“And I think that over time, as we work through this period, when Russell does come back and join us, he'll be as good as ever, and I believe the team will be better than the one that he last played with based on the fact that they're going to have to play through some situations that are not necessarily the way that we expected them.”
The good news for the Thunder is this year's schedule starts off on the soft side. The first six opponents failed to make the postseason last year. Some, like Minnesota, Dallas, Detroit and Washington, have improved. Others, like Utah and Phoenix, appear to have gotten worse.
Of the first 15 games, seven of the next nine are considerably more challenging. The Thunder has a road back-to-back against the L.A. Clippers and Golden State and will later host Denver, the Clippers, San Antonio, Golden State and Minnesota.
“We played (nine) games without him,” Durant said of Westbrook. “So we just got to be ready. Guys are going to have to step up and fill that void and we should be in good shape.”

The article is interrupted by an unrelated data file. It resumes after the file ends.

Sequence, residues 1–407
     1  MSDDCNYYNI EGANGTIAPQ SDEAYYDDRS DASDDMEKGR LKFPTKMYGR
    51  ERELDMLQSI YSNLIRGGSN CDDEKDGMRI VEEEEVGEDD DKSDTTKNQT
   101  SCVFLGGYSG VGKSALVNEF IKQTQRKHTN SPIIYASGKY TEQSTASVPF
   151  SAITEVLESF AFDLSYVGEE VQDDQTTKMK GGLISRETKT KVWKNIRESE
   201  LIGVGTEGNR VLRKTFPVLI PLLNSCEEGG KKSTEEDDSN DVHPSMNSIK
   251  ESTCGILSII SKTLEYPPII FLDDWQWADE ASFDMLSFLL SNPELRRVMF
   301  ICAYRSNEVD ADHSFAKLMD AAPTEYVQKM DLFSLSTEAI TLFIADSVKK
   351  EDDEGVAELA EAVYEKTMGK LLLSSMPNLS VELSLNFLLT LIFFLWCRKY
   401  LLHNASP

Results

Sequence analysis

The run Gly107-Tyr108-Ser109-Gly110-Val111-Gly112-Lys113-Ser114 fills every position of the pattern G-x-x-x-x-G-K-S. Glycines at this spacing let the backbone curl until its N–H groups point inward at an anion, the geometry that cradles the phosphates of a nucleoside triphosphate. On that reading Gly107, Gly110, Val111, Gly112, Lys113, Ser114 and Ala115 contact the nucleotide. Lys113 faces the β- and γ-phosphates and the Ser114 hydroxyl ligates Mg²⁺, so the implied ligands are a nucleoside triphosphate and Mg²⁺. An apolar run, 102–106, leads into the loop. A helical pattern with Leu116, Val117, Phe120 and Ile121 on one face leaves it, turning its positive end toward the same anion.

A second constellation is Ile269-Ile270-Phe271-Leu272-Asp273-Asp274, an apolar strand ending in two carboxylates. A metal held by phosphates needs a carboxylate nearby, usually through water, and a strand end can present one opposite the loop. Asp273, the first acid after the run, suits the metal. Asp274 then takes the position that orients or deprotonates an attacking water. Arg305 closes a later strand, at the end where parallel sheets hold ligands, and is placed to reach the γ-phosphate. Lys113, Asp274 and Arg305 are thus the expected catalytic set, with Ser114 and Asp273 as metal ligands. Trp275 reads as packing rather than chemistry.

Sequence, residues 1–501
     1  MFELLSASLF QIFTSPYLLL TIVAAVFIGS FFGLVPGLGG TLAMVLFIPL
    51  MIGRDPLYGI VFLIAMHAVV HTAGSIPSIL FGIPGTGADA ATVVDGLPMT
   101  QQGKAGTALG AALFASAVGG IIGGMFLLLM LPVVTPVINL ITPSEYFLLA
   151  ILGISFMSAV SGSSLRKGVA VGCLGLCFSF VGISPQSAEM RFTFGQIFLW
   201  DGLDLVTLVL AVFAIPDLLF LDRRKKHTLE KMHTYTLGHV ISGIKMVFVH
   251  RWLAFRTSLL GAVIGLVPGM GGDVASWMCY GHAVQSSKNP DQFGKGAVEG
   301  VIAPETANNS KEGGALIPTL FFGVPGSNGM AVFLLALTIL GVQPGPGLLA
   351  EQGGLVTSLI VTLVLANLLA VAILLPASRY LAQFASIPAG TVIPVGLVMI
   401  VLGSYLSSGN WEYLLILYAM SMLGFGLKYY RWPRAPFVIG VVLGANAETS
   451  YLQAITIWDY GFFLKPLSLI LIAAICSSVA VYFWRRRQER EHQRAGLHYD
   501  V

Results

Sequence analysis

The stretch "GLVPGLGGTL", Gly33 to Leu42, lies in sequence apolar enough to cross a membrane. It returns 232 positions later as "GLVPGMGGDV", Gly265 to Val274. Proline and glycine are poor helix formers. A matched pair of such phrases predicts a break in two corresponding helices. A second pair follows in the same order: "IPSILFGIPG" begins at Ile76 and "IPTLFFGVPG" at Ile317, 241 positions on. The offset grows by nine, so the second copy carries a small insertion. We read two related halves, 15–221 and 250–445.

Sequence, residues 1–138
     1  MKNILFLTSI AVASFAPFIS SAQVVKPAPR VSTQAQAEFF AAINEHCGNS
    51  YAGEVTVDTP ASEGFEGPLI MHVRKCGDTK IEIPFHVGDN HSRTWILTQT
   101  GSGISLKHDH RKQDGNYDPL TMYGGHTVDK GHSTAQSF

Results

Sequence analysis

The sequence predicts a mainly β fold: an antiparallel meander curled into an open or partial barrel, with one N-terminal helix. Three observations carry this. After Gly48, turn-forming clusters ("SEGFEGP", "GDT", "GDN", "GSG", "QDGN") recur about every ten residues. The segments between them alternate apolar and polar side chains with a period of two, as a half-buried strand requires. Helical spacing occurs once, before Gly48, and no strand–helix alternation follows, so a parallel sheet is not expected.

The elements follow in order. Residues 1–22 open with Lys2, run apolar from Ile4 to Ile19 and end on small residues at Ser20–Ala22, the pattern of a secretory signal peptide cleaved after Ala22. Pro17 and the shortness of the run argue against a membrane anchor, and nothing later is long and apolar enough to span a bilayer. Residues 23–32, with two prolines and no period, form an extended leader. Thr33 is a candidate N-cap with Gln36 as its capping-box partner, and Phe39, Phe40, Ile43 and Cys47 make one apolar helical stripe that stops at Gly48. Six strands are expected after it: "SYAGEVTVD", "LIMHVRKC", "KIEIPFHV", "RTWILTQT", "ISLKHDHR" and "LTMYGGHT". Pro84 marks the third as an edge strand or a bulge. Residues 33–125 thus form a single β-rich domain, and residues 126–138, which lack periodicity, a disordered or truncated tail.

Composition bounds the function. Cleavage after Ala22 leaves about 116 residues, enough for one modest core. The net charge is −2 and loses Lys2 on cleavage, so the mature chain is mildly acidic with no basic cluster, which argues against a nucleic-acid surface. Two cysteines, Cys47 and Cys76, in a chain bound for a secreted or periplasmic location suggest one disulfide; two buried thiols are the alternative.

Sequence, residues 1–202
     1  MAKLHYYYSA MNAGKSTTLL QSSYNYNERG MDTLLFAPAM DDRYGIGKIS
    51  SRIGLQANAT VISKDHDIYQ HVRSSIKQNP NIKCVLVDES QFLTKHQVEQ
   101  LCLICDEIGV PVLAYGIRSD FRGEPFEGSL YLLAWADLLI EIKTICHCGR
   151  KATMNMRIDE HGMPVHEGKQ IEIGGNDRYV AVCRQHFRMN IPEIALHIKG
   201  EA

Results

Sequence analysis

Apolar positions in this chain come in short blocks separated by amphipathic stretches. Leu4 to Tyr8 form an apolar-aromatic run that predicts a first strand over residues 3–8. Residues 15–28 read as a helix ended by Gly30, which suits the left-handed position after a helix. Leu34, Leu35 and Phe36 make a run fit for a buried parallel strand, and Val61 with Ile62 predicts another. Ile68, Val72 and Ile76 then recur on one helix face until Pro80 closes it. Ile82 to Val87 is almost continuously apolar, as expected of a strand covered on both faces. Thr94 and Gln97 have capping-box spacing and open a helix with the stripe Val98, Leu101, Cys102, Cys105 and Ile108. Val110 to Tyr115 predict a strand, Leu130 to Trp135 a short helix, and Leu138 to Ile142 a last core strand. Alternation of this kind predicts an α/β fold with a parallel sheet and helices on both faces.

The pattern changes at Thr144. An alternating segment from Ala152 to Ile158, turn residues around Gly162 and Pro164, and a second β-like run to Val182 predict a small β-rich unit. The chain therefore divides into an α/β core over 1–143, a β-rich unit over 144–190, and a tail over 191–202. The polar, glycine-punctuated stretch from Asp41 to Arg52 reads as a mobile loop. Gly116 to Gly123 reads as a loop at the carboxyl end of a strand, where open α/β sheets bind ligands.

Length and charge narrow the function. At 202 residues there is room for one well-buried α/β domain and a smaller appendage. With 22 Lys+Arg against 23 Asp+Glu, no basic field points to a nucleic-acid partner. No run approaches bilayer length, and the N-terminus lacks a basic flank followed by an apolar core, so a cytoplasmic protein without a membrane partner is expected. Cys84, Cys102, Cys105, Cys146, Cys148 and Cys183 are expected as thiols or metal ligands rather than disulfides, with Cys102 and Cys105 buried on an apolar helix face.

An ESPN.com projection estimated that Westbrook's absence would cost the Thunder two wins in the first 15 games. That could be significant in a Western Conference that last season saw the fifth-seeded Grizzlies separated by only four games from the top-seeded Thunder.
Additionally, whenever Westbrook returns he'll be playing his first real game since April 24. He is expected to take even more time to regain his rhythm and revert to his customary level. That adjustment period could cost the Thunder even more wins.
“The Western Conference is not easy, we understand that,” Brooks said. “But this also gives us an opportunity to embrace that challenge and we have guys who are very competitive and looking forward to doing that.”
Durant reminds that the Thunder has done it before.
“With this now, we done been through about everything,” Durant said. “Nothing new for us. We hang our hats on being resilient. And that's what we have to be now.”